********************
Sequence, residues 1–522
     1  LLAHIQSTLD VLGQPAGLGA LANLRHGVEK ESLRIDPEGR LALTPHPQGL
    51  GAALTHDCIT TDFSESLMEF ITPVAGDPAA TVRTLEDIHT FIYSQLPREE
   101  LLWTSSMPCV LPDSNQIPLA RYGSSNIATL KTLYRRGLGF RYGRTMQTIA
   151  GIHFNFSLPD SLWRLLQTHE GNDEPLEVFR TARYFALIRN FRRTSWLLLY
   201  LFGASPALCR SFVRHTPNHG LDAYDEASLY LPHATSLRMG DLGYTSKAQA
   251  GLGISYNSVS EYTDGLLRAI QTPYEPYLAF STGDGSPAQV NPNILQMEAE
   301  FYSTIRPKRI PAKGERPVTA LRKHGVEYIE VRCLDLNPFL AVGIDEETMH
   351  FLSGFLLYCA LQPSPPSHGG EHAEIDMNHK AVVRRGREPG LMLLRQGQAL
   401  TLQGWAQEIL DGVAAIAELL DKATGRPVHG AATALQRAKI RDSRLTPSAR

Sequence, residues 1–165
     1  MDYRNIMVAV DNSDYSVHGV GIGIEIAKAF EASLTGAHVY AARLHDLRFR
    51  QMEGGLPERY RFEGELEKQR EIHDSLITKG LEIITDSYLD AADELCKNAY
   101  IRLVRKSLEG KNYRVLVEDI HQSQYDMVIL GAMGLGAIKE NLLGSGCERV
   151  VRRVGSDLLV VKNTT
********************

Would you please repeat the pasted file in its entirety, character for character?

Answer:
Sequence, residues 1–522
     1  LLAHIQSTLD VLGQPAGLGA LANLRHGVEK ESLRIDPEGR LALTPHPQGL
    51  GAALTHDCIT TDFSESLMEF ITPVAGDPAA TVRTLEDIHT FIYSQLPREE
   101  LLWTSSMPCV LPDSNQIPLA RYGSSNIATL KTLYRRGLGF RYGRTMQTIA
   151  GIHFNFSLPD SLWRLLQTHE GNDEPLEVFR TARYFALIRN FRRTSWLLLY
   201  LFGASPALCR SFVRHTPNHG LDAYDEASLY LPHATSLRMG DLGYTSKAQA
   251  GLGISYNSVS EYTDGLLRAI QTPYEPYLAF STGDGSPAQV NPNILQMEAE
   301  FYSTIRPKRI PAKGERPVTA LRKHGVEYIE VRCLDLNPFL AVGIDEETMH
   351  FLSGFLLYCA LQPSPPSHGG EHAEIDMNHK AVVRRGREPG LMLLRQGQAL
   401  TLQGWAQEIL DGVAAIAELL DKATGRPVHG AATALQRAKI RDSRLTPSAR

Sequence, residues 1–165
     1  MDYRNIMVAV DNSDYSVHGV GIGIEIAKAF EASLTGAHVY AARLHDLRFR
    51  QMEGGLPERY RFEGELEKQR EIHDSLITKG LEIITDSYLD AADELCKNAY
   101  IRLVRKSLEG KNYRVLVEDI HQSQYDMVIL GAMGLGAIKE NLLGSGCERV
   151  VRRVGSDLLV VKNTT